This case decides, first, that the 12th rule of May 6, 1872, was intended to, and did, provide that in every case of a contract for supplies, repairs, etc., to a vessel, domestic as well as foreign, being a maritime contract, process in rem against the vessel, or in personam against the master or owner, may at the option of the party be resorted to to enforce the contract. Second, that the rule is prospective and does not give these remedies in cases where the supplies, etc., were furnished prior to the taking effect of the rule.

In Estate of Kirkland, Chase & Co., bankrupts, reported in 12 Am. L. Reg., 300, it is held that the amendment of rule 12, providing that material men furnishing supplies or repairs may proceed against the ship and freight in rem is applicable to all suits instituted since May 6, 1872, for supplies or repairs, no matter whether they were furnished before or since the adoption of the amendment, and that ship carpenters have a lien for repairs made to a domestic vessel which may be enforced in rem.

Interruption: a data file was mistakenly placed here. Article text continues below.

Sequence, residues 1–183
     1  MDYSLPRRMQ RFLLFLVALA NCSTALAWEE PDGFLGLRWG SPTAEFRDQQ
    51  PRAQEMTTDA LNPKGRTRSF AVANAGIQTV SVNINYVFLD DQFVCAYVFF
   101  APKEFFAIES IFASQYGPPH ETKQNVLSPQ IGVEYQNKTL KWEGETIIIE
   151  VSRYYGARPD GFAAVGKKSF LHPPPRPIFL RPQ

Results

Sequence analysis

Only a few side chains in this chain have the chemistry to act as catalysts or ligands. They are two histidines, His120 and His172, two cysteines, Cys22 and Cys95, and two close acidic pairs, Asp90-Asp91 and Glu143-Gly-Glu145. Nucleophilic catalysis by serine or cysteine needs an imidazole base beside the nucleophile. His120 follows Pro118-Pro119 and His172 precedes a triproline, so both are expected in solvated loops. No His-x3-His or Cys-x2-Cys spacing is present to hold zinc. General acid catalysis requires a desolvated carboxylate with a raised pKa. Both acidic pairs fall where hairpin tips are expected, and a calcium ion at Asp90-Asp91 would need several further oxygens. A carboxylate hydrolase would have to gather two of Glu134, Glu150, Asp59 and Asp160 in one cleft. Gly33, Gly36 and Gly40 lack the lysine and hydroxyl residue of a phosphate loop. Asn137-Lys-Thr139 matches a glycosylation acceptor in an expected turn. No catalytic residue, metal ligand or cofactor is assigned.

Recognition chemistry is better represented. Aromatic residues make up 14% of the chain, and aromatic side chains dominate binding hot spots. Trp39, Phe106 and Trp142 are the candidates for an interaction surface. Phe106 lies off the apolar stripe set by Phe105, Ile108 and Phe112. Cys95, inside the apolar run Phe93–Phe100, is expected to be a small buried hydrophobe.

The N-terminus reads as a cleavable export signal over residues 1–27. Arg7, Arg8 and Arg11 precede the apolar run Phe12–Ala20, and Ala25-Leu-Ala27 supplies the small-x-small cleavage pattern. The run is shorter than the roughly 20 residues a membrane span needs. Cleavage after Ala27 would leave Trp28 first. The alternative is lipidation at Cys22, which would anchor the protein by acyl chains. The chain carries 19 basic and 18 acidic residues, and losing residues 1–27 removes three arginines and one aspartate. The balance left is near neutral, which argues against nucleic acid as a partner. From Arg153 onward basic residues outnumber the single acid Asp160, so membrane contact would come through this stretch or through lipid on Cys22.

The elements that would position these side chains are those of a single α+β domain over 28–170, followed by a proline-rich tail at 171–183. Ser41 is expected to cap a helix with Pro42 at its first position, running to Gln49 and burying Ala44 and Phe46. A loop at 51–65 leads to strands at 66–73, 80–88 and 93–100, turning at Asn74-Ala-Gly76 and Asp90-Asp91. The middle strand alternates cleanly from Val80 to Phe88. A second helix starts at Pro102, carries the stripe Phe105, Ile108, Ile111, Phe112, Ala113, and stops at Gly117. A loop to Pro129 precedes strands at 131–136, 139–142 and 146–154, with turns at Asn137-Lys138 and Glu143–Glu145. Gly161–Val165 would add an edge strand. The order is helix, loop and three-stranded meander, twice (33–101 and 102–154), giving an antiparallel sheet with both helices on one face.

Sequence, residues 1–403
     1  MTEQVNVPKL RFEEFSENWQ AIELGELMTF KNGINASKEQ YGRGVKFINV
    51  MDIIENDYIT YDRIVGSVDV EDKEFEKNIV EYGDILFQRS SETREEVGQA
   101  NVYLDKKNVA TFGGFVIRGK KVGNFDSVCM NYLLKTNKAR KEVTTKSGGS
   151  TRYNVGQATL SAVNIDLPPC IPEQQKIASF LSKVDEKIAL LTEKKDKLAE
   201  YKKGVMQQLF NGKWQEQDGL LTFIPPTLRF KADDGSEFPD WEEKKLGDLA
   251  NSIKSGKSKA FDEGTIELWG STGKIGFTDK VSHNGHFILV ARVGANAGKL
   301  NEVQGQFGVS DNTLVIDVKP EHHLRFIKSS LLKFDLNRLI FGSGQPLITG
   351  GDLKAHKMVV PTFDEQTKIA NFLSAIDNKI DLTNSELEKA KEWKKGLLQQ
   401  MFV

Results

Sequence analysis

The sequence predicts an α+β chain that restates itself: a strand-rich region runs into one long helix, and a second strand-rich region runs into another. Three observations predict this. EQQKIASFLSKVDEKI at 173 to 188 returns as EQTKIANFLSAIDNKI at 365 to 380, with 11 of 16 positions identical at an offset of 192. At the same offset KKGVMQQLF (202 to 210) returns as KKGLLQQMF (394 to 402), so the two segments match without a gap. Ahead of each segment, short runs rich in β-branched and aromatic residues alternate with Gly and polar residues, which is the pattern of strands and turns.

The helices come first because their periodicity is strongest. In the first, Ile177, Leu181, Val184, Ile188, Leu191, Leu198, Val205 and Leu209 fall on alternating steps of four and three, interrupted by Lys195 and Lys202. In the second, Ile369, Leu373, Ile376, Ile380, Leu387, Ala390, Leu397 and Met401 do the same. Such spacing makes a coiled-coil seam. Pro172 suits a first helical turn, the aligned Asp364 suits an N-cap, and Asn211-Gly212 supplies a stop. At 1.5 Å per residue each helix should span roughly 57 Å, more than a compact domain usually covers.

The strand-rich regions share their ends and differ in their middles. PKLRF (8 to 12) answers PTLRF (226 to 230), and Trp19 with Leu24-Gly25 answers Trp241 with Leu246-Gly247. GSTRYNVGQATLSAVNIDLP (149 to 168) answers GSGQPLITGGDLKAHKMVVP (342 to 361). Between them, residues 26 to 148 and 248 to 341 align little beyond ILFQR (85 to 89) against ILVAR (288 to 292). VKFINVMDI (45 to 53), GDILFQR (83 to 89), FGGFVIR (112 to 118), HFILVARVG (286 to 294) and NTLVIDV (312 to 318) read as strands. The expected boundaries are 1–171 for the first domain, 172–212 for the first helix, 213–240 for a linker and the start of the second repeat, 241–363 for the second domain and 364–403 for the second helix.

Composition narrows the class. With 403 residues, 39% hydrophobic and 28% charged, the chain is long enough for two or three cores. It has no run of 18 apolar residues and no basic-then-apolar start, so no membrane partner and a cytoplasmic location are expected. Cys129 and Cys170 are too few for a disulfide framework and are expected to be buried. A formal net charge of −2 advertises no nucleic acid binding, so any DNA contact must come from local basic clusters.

The rules of practice in admiralty proceedings are merely intended to reg. ulate the remedy and have no relation to the question of jurisdiction. Id.

A note taken for the amount of the supplies furnished for a vessel will not waive a maritime lien on a vessel unless so understood at the time. The note, however, must be returned or surrendered in court at the hearing. The Eclipse, Id., 99.

Maritime liens are not allowed to those furnishing a vessel with her usual supplies on her regular trips, and at her usual ports of entry and discharge. To sustain such a lien a case of maritime necessity upon the vessel must be established. The Lady Franklin, 1 Biss., C. C., 557.